25 So.3d 1080 (2009)
Edward SIMON, Appellee.
No. 2008-SA-02066-COA.

Court of Appeals of Mississippi.

December 15, 2009.

1081*1081 Office of the Attorney General by: Deanne B. Saltzman, by: Thomas H. Mueller, attorneys for appellant.

Robert S. Little Jr., attorney for appellee.

Before LEE, P.J., IRVING and BARNES, JJ.

IRVING, J., for the Court.

¶ 1. This appeal arises out of the Mississippi Gaming Commission's denial of Edward Simon's work permit application. After the Commission denied the application, Simon appealed to the Tunica County Circuit Court, which reversed and found that the Commission's denial was arbitrary and capricious. Feeling aggrieved, the Commission appeals and asserts that the circuit court erred in finding that the Commission's denial of Simon's application was arbitrary and capricious.

¶ 2. We agree, and, therefore, reverse and render the judgment of the circuit court.


¶ 3. The Commission initially granted Simon a work permit in 1994. In 1998, Simon entered a plea of guilty to a felony marijuana possession charge and received deferred adjudication, which he successfully completed. Despite the felony, the Commission renewed Simon's work permit in 1998, 2000, and 2002 or 2003. In 2006, Simon applied for a work permit, but the Commission's executive director denied same due to Simon's having pleaded guilty to a felony. Feeling aggrieved, Simon appealed, and the decision was affirmed by a hearing examiner and by the full Commission. Simon then appealed to the circuit court, which reversed the decision of the Commission. In its judgment, the circuit court found "that the Commission has the authority to deny a person a [work permit] if they commit a felony crime. There is no requirement ... that a person have an actual conviction." (Emphasis added). Nevertheless, the circuit court reversed the Commission's decision, finding:

[Simon]'s argument that does have merit is the contention that the Commission's action was arbitrary and capricious. When the Commission became aware of [Simon]'s charge in 1997, it made the decision to suspend [Simon]'s work permit until such time as he was released from probation. Once [Simon] had successfully completed his probation and had the charges against him dismissed, the Commission again made the decision to reinstate his work permit and again renew it in 2002.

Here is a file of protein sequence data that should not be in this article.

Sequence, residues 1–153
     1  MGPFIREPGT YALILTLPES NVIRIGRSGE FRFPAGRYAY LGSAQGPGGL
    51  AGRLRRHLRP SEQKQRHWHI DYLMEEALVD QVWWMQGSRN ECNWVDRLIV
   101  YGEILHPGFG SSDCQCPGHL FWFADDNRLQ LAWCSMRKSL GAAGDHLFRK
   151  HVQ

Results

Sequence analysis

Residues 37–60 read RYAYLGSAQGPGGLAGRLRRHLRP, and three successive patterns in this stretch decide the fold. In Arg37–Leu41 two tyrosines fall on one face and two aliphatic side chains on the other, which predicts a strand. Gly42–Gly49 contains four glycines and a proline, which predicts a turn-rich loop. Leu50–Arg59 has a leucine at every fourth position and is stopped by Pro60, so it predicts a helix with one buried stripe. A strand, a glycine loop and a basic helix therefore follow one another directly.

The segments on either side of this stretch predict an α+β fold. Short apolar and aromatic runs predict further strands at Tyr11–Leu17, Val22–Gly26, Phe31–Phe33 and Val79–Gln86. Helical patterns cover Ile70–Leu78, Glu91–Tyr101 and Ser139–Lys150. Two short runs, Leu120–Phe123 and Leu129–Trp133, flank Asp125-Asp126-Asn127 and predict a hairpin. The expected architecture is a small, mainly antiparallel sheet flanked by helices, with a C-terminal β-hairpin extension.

This is not a case where the Commission is claiming that it only recently discovered [Simon]'s run[-]in with the law; the Commission had all of the pertinent 1082*1082 facts before it in 1997 when it chose to take the its [sic] disciplinary action. It had the opportunity then to deny [Simon]'s permit unequivocally. It chose not to. Once the Appellant finished his probationary period and reapplied for his work permit, the Commission again had the discretion to deny his request. It chose not to.
* * * * * *
While the Commission would have been justified in denying [Simon] a work permit in 1997 when he first entered a plea of guilty to a felony crime, to wait some ten years later to do so is arbitrary and capricious.

¶ 4. Additional facts, as required, will be related during our analysis and discussion of the issue.


¶ 5. Our supreme court has discussed the standard of review that appellate courts should use when reviewing the Commission's decisions:

Pursuant to Miss.Code Ann. § 75-76-173(2) ([Rev.] 2000), circuit court and [appellate court] judicial review afforded by the Mississippi Gaming Control Act is the exclusive method of reviewing Mississippi Gaming Commission actions. The standard of review for such appeals is outlined as follows:
The reviewing court may affirm the decision and order of the commission, or it may remand the case for further proceedings or reverse the decision if the substantial rights of the petitioner have been prejudiced because the decision is:
(a) In violation of constitutional provisions;
(b) In excess of the statutory authority or jurisdiction of the commission;
(c) Made upon unlawful procedure;
(d) Unsupported by any evidence; or
(e) Arbitrary or capricious or otherwise not in accordance with law.